A soldier has many worries—but fungus growing on military tents shouldn’t be one of them.
That’s where Endicott College student Kaitlyn Nadeau ’20 comes in. A senior majoring in bioengineering, she worked with renowned researchers at the U.S. Army Combat Capabilities Development Command to determine the impact of fungus growth on portable combat tents. As part of her semester-long internship, she dove deep into the world of biomolecular science, and gained marketable skills and knowledge to last a lifetime.
Digging Right InAs part of Endicott’s unique four-year internship program, Nadeau interned at the Combat Capabilities Development Command (CCDC), a facility where researchers perform a variety of experiments to ultimately ensure soldiers are prepared and protected at camp and on the battlefield. One area of research is the shelter provided by combat tents.
Throughout history, the U.S. Army used a variety of materials to produce tents, including duck, linen, cotton, canvas, khaki and more. Today’s tents are mainly composed of PVC textiles, which comprise a variety of synthetic fibers. While PVC doesn’t succumb to rot as easily as say cotton, it is still susceptible to a particular fungus growth: Aureobasidium pullulans (or AP) and it’s surfacing in all environmental conditions, from the rainforest to the desert.
“AP is the first colonizer, and it’s allowing other fungus types to colonize, and that ultimately degrades the synthetic material,” says Nadeau. “It’s the only fungus to start to colonize on these PVC synthetic tents.”
As a biomolecular research intern, Nadeau worked with the CCDC’s Biological Science and Technology team to isolate, identify and characterize the fungi elements to determine how they are binding to the synthetic surfaces. The research called for extreme attention to detail. Nadeau worked on deriving the fungus spores down to a polysaccharide, a carbohydrate whose molecules consist of a number of sugar molecules bonded together. Once she had the polysaccharide, she worked on ways to functionalize it on to an atomic force microscope (AFM), a type of high-resolution scanning probe that has a resolution you can measure in fractions of a nanometer. The long-term goal is to determine and measure the adhesive forces of the AP fungus, which will help in choosing a synthetic surface that best fits the Army’s portable tents while not allowing the fungi to decompose the surface.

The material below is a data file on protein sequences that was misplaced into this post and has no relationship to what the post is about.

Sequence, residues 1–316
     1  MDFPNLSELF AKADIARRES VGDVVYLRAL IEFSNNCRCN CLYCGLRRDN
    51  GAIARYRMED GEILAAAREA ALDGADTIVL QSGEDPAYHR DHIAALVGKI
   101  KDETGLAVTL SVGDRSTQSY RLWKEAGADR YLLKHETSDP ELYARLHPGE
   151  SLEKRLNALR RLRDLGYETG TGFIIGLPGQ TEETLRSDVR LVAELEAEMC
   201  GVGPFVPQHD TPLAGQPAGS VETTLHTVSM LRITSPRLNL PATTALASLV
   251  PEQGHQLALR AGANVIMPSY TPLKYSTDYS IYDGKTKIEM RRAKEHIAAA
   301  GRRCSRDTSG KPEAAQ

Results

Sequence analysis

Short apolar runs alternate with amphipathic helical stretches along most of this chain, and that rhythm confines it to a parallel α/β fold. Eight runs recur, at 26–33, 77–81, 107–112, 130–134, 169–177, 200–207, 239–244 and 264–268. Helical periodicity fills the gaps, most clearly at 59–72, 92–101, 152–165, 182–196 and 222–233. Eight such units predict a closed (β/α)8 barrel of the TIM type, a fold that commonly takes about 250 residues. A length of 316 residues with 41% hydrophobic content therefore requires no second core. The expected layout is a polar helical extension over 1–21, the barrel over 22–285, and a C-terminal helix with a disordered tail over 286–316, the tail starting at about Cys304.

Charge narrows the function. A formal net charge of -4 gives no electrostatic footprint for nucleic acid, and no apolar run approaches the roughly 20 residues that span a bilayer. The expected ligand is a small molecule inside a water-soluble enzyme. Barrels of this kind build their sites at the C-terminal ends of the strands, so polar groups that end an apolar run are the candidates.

“We spent many weeks researching how to functionalize the AFM probe,” says Nadeau. “And we ended up finding two protocols to test, which was great. We found one of them is probably going to work.”
Nadeau’s specialized work with the CCDC, and collaboration with its biological research scientists and chemists, helped her learn new techniques, data analyses and laboratory workflows—skills she can apply to any career within the bioengineering field.
Much of what she learned in Endicott courses helped prepare her for the demanding CCDC internship. She says her chemistry and biology courses—and their professors—were instrumental in teaching the basics for techniques in the laboratory.
Nadeau also held two previous internships, working with mechanical and quality engineers to help employees as they assembled medical devices. “Both internships helped with my professional development, and helped me to make really good connections and future references,” she says. “But the CCDC internship has definitely given me more of a focus of what I want to do in the future. With bioengineering, I can go in so many different ways, which is why I chose the major. I can work in a range of fields, from medical to biological sciences.”
Nadeau found that lab work, especially researching matter she never worked with before, was exciting. Applying that lab work into a military setting was especially appealing. Nadeau says she has family members in the military and was always interested in the ROTC.
With approximately 50 soldiers on base, the CCDC is unique in that researchers are able to test the equipment in real-life, onsite scenarios. And Nadeau is energized that her research aids in protecting and increasing the survivability of such a special population: the men and women charged with serving and protecting our country.